Several U.S. Supreme Court justices on Wednesday voiced support for Arizona's effort to crack down on illegal immigration, appearing to reject Obama administration arguments that the federal government has sole responsibility for dealing with people who illegally enter the United States.
The conservative justices who hold a majority on the court suggested by their questions and comments that states would have significant latitude to adopt laws that discourage illegal immigrants from moving to and staying in the United States.
Justice Anthony Kennedy, who casts the deciding vote in many cases, referred to the "social and economic disruption" that states endure as a result of a flood of illegal immigrants and suggested that states such as Arizona have authority to act.
Arizona two years ago became the first of a half dozen U.S. states to pass laws aimed at driving illegal immigrants elsewhere, including requiring police to check the immigration status of anyone detained and suspected of being in the country illegally.
The battle over the law goes to the heart of the fierce national debate between Democrats and Republicans over what to do with the estimated 11.5 million illegal immigrants in the country, a number that has held steady in recent years.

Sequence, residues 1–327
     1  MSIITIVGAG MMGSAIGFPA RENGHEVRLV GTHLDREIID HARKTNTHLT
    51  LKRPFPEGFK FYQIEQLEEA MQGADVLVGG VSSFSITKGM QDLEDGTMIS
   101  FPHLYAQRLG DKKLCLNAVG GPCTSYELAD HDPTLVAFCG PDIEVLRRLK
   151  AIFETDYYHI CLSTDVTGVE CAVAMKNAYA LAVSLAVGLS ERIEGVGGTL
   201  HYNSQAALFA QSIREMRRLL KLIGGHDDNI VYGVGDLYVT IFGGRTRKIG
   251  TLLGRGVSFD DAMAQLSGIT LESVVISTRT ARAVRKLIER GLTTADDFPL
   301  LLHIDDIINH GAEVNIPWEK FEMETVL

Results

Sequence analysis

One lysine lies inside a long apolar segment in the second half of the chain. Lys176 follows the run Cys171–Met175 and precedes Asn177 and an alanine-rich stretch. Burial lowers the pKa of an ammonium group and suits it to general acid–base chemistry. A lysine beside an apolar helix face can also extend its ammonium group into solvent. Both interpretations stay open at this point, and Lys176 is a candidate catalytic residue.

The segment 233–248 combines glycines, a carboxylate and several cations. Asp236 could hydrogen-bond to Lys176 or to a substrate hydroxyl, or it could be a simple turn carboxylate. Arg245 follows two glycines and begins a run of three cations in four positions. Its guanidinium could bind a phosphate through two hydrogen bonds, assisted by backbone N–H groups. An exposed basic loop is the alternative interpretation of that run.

A decision for Arizona law would be a setback for President Barack Obama, who has criticized it and has vowed to push for immigration legislation if re-elected on Nov. 6. A ruling against Arizona would be a blow to Republican presidential candidate Mitt Romney, who has said the government should drop its challenge to the law.
Chief Justice John Roberts, who also could play a key role in deciding the case, spurned the administration's arguments that the Arizona law conflicted with the federal system and deemed it "an effort to help you enforce federal law."
The four conservative justices, Roberts, Kennedy, Antonin Scalia, and Samuel Alito, all asked tough questions of the administration's lawyer. Fellow conservative Justice Clarence Thomas did not ask any questions but, based on past votes, is expected to support the Arizona law.
Only eight of the nine Supreme Court justices heard the arguments. Liberal Justice Elena Kagan, the former top Obama administration lawyer at the court, recused herself because she had worked on the matter previously.
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